Universal’s Great Movie Escape Isn’t An Average Escape Room

Universal’s Great Movie Escape is now open at Universal CityWalk, adding a new form of entertainment to the complex. The next-level escape rooms are themed to two classic Universal films – Back to the Future and Jurassic World. The premium cost experience will probably be discussed a lot on social media, but under this being the guise of Universal’s first foray into escape rooms. Universal invited us out to a media preview to play both rooms on Thursday, September 8th, and we discovered quickly these weren’t your average escape rooms.

Universal doesn’t allow photos or video inside the escape rooms to help preserve the games and magic. Photos are allowed in the lobby and all room photos were provided by Universal.

For those who have never done an escape room. The premise is you get locked in a room and have to solve puzzles to help you escape from the room or rooms in a certain amount of time. Typical escape rooms vary in difficulty, and there is a chance of failure. The story behind the games you are playing is usually a straightforward setup. For example, the first escape room I ever experienced had us break into the office of an art museum curator to try and track down a painting he may have stolen and then get out before he returned.

Universal’s Great Movie Escape feels more like a cousin of typical escape rooms than one itself. The reason for this is they put story and operations first in order to preserve a good guest experience. What does that mean? Universal wants you to see the story from start to finish and how it plays out, so there is no such thing as failure with the rooms, and you will always make it on to the next location.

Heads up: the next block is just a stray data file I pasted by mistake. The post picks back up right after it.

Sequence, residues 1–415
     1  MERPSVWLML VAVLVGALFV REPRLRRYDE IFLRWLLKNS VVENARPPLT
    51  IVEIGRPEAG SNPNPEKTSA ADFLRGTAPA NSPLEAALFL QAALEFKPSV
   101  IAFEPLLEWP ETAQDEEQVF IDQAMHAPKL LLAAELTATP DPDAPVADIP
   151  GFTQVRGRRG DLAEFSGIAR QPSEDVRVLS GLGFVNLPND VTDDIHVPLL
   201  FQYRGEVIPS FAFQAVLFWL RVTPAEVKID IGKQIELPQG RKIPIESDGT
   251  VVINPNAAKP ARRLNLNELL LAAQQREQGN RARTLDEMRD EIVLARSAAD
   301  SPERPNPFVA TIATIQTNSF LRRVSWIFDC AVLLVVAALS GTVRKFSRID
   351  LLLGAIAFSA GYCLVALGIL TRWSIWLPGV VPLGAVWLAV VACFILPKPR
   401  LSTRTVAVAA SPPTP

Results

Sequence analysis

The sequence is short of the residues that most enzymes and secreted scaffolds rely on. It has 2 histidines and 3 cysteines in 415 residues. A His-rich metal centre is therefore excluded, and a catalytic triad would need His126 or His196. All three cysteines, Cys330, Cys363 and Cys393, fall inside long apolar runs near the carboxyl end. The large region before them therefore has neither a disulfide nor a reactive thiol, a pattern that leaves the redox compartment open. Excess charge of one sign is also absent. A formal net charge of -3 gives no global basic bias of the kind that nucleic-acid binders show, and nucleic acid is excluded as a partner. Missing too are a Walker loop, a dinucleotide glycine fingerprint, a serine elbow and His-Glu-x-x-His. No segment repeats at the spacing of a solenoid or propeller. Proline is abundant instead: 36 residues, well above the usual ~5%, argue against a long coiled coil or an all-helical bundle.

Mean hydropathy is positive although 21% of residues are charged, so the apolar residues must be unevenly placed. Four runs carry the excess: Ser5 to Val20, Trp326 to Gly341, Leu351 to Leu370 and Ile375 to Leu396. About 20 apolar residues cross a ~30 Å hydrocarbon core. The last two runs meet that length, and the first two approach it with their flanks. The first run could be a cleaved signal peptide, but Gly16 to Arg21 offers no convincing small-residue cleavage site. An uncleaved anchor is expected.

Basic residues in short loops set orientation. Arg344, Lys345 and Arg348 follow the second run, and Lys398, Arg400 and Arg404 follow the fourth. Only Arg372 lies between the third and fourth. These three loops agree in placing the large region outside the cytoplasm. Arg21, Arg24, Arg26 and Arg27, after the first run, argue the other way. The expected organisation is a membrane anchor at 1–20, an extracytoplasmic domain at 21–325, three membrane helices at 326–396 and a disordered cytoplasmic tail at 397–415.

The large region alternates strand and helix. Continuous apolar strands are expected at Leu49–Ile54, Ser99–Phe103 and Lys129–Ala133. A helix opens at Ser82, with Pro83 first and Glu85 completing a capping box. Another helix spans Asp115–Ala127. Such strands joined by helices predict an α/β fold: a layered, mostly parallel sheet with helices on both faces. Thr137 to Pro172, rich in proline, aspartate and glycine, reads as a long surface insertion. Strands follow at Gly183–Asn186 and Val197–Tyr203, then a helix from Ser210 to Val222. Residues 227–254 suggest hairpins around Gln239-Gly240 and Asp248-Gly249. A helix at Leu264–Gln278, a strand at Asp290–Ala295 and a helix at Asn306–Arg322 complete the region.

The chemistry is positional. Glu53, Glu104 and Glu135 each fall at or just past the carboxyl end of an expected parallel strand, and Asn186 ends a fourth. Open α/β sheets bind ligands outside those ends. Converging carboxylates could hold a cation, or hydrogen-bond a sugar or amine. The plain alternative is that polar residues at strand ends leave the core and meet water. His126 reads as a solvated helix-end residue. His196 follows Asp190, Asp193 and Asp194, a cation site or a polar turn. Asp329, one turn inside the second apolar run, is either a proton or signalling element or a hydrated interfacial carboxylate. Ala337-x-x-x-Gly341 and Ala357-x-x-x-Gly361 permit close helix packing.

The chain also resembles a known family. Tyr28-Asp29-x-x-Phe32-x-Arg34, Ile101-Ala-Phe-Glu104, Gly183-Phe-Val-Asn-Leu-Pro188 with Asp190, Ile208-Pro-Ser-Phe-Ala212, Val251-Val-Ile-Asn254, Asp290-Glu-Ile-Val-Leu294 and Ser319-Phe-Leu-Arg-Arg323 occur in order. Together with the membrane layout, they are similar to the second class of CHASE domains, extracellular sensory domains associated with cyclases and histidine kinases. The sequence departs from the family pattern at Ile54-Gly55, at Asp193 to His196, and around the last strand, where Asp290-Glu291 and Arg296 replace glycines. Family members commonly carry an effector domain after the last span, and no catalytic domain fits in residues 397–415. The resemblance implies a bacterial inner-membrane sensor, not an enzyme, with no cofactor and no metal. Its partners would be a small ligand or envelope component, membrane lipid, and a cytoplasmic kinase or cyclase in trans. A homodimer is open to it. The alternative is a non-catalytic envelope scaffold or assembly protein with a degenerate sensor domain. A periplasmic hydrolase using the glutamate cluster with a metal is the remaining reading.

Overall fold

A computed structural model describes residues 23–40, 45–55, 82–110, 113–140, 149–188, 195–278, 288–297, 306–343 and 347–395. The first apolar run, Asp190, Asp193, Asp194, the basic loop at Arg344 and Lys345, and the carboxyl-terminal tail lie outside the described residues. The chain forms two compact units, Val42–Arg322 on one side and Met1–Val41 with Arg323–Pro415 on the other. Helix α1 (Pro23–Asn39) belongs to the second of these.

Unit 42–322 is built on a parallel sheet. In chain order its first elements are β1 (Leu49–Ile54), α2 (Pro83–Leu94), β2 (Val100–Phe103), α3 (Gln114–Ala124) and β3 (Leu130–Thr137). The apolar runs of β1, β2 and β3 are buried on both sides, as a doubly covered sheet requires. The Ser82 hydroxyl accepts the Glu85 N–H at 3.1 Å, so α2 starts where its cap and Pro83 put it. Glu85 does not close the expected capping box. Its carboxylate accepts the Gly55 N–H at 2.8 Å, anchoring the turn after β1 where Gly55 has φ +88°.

The result of this is an experience where you move from room to room with your group in a way that feels similar to walking through a Halloween Horror Nights House. There’s a good reason it feels like this. The creative team behind Halloween Horror Nights is responsible for Universal’s Great Movie Escape. Beyond their skills with highly themed environments, the creative team all love escape rooms and experienced way more than any of us will in our lifetimes to become experts on this form of entertainment.

Chances are guests from around the world will want to try out the escape rooms but have no prior experience. Honestly, the less experience you have might be a good thing. If you have expectations based on other rooms you’ve done before, you may leave feeling unfulfilled in a way. However, you’ll be upfront to forget about other rooms you’ve done in the past and go into this one with a fresh mind.

The difficulty of the games is varied. Back to the Future: OUTATIME takes place in 1993 as sort of a semi-continuation of the former Universal attraction and feels more like a traditional escape room. The puzzles feel more physical and mental and require more searching around the rooms to be solved. Jurassic World: Escape follows the Jurassic World movies, so it feels more high-tech because it’s newer. The games still have a physicality to them, but it feels more straightforward, as if you were playing a game versus solving your way through a game. Jurassic World: Escape is more appropriate for beginners, but Back to the Future: OUTATIME isn’t impossible for first-timers.